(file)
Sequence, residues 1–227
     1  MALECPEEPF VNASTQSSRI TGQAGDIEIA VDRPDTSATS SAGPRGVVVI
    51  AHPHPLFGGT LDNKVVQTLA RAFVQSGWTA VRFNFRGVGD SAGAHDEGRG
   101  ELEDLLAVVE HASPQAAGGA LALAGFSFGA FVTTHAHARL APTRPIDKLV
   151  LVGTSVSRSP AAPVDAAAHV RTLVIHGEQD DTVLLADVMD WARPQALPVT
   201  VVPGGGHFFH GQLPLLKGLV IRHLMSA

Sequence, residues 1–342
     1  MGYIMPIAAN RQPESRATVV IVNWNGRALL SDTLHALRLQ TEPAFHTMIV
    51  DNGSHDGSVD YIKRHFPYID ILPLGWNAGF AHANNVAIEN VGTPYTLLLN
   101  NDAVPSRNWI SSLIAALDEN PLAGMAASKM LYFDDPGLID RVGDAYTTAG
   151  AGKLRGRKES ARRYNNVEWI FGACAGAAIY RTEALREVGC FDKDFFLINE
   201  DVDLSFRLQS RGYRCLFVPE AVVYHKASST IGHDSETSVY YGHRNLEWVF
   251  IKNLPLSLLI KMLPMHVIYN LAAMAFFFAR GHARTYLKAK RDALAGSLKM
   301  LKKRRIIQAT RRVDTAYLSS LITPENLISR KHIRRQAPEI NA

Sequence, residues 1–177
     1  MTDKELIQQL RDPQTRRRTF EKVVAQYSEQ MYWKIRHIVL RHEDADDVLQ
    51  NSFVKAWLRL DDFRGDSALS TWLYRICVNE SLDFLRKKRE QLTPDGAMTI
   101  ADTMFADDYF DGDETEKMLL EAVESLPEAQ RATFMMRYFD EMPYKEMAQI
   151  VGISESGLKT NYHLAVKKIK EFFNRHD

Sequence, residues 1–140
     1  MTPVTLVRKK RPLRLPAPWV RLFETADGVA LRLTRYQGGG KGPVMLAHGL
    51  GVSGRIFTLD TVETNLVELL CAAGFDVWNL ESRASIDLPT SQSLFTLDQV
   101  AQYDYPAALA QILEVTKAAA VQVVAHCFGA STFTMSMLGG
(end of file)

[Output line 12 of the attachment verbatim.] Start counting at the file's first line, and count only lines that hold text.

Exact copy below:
   201  DVDLSFRLQS RGYRCLFVPE AVVYHKASST IGHDSETSVY YGHRNLEWVF